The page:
Boeing receives contract modification for Standoff Land Attack Missiles

April 17 (UPI) — The U.S. Navy awarded Boeing a contract modification for Standoff Land Attack Missiles to support Saudi Arabia. 

The Department of Defense announced the $30.14 million cost-plus-incentive-fee contract Tuesday.

The initial $64 million contract in April 2018 enabled Boeing to “restart” its AGM-84 Standoff Land Attack Missile-Expanded Response production line and expand the production process. The modification allows for the redesign of obsolete parts, analysis and test planning for the weapon system. 

Work on the contract was expected to occur in St. Louis, Mo., Indianapolis, Melbourne, Fla., and other locations throughout the United States.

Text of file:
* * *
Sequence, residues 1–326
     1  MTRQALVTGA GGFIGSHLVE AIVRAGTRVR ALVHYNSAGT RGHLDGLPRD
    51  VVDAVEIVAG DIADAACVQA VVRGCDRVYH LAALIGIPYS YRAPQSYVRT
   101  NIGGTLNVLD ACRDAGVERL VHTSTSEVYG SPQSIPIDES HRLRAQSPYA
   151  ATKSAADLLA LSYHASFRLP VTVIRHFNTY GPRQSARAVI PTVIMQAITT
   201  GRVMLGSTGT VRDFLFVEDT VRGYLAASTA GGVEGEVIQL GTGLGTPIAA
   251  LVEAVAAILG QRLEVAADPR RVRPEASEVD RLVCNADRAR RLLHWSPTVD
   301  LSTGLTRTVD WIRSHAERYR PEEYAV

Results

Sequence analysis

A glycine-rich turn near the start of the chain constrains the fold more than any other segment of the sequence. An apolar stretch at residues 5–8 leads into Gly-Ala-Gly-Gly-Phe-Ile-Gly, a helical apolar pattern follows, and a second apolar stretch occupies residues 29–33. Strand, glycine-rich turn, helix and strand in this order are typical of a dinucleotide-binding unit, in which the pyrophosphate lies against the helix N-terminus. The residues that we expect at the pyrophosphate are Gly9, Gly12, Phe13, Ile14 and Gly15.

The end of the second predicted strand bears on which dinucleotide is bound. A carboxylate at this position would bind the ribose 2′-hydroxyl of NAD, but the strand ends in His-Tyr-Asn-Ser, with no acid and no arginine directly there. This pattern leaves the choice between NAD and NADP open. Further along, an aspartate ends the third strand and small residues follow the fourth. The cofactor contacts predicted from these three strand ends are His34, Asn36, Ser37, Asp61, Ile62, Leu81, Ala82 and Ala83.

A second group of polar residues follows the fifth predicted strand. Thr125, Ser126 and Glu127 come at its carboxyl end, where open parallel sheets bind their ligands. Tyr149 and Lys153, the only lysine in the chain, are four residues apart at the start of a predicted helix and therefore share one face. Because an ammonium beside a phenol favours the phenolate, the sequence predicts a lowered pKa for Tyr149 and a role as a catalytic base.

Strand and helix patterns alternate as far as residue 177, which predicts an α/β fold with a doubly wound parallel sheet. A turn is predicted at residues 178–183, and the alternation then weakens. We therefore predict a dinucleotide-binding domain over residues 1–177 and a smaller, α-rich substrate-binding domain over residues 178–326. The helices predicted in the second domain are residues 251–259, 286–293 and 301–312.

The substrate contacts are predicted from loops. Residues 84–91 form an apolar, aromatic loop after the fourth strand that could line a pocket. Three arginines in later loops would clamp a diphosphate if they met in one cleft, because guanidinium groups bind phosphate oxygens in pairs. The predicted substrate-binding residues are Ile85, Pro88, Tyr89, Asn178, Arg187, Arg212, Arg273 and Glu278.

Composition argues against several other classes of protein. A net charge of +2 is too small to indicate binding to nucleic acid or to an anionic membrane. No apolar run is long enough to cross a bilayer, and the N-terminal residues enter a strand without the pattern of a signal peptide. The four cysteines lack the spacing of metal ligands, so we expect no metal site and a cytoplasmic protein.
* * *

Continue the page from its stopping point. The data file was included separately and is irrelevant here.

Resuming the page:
The Pentagon said the contract was expected to be completed in July. 

The total amount of the contract will be obligated to Boeing at time of award from foreign military sales funds, which will not expire at the end of the current fiscal year.

The AGM-84 SLAM-ER is a precision-guided, air-launched cruise missile that uses GPS and infrared imaging to attack land and sea targets in medium and long range. They can be launched from a number of aircraft, including the F/A-18 Hornet, F/A-18 Super Hornet, P-3C Orion and F-15E Strike Eagle.

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